Some people might answer: “Sure, I’ve said those things at different times, but I don’t have to believe that stuff all of the time. It may have been true yesterday, but it’s not true today.” They got it from Hegel. They might say: “Consistency is the hobgoblin of little minds.” They got it from a very little mind, Emerson. They might say: “But can’t one compromise and borrow different ideas from different philosophies according to the expediency of the moment?” They got it from Richard Nixon—who got it from William James.
All Rand quotes from the "Philosophical Detection" Chapter of Philosophy: Who Needs It unless otherwise noted.
“It may be true for you, but it’s not true for me.”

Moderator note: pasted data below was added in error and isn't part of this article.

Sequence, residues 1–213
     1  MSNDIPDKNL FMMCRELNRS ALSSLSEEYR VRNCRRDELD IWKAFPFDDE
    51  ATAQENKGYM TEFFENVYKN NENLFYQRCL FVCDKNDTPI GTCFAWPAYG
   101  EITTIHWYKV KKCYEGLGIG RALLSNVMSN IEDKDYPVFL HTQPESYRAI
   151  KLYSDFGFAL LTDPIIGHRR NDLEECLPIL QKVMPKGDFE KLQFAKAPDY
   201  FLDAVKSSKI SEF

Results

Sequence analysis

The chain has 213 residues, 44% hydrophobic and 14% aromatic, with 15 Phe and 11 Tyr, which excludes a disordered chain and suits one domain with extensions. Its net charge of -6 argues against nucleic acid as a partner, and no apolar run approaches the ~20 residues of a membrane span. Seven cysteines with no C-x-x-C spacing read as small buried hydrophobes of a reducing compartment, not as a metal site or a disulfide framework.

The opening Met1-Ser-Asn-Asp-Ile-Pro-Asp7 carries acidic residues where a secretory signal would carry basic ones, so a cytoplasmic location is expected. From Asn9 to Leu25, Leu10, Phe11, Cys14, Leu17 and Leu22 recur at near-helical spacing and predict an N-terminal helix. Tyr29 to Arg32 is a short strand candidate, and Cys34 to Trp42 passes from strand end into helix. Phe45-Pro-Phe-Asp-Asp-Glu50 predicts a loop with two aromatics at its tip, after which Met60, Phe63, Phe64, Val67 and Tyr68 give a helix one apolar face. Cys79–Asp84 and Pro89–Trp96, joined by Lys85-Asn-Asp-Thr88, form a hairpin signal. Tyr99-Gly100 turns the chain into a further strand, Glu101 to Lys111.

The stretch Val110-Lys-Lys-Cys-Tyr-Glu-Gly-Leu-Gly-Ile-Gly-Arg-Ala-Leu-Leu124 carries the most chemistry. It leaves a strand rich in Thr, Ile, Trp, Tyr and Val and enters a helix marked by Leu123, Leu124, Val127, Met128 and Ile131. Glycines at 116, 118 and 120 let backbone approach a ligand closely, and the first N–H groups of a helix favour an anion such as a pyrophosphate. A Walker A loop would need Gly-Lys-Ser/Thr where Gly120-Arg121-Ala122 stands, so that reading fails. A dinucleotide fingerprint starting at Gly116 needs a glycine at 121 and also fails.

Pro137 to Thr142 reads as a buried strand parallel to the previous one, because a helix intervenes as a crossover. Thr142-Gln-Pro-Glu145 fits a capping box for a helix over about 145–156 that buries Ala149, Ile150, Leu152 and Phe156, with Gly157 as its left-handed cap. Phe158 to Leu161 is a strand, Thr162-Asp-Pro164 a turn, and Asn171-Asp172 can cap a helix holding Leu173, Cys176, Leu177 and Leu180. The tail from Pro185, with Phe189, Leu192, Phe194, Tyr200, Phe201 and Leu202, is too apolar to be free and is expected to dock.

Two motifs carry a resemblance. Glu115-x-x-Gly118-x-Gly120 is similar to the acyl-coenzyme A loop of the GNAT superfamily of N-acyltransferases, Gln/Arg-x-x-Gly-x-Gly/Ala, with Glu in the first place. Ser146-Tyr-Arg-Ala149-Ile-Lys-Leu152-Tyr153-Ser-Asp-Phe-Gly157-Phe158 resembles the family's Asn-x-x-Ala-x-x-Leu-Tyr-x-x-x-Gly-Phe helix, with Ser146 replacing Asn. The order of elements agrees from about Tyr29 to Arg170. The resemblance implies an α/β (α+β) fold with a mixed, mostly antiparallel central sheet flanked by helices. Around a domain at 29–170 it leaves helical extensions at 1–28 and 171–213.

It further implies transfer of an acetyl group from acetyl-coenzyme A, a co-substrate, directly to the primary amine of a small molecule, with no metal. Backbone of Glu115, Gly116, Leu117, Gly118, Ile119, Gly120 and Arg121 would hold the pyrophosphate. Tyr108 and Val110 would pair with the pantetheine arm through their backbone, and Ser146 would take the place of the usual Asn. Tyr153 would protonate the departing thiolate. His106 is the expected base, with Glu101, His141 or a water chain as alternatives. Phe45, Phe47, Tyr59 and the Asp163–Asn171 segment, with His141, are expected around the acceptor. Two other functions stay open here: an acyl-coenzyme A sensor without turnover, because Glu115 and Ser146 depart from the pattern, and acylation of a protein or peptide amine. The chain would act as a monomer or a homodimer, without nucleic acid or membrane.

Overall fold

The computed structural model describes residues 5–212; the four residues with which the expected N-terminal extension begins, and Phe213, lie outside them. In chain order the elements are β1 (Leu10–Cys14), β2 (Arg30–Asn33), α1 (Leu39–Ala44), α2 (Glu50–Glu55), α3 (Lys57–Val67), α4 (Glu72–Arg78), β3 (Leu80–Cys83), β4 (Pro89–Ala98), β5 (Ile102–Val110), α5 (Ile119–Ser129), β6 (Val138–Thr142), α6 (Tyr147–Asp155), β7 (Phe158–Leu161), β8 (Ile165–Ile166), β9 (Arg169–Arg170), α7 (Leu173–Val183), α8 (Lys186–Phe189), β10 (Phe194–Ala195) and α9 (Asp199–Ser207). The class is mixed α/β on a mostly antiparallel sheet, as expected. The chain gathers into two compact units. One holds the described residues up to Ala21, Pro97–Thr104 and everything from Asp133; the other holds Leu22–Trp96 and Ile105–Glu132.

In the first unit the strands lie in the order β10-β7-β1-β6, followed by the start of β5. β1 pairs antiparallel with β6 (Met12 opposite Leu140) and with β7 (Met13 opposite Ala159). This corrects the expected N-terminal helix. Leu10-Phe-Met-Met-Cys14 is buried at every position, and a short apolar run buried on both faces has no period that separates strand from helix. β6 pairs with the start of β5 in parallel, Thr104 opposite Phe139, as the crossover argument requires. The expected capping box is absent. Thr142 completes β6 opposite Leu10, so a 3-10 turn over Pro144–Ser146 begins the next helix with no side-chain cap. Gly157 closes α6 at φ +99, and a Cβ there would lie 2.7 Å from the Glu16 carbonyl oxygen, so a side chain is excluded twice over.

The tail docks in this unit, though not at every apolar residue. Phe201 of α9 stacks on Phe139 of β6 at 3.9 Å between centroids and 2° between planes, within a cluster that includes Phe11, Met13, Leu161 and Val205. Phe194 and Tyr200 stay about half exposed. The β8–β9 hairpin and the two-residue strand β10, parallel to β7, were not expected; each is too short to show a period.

I think that truth is objective - there aren't different truths for different people; there is just the truth.
If people could have multiple separate truths, inconsistent with each other, then the idea of truth would not be meaningful. Imagine a court case where an alleged victim claimed "My truth is that Mr. Smith tried to kill me", and Mr. Smith claimed "My truth is that I was sleeping at home at the time of the alleged crime." The purpose of our courts is to sort out conflicting claims like these and figure out the truth. But imagine if the court had to respect both of these truths as equally valid. The courts would be useless and justice would be impossible.
If something is true, then it's true for a reason - there is some explanation to go along with it being true. If it's possible for people to lose weight by creating a caloric deficit, then that's just a fact that is true for people in general - it's not a question of it being true for one person and not for another. For such a truth to not be applicable to some specific person, you'd need some explanation as to why they're an exception. An arbitrary assertion that some truth doesn't apply to them is insufficient.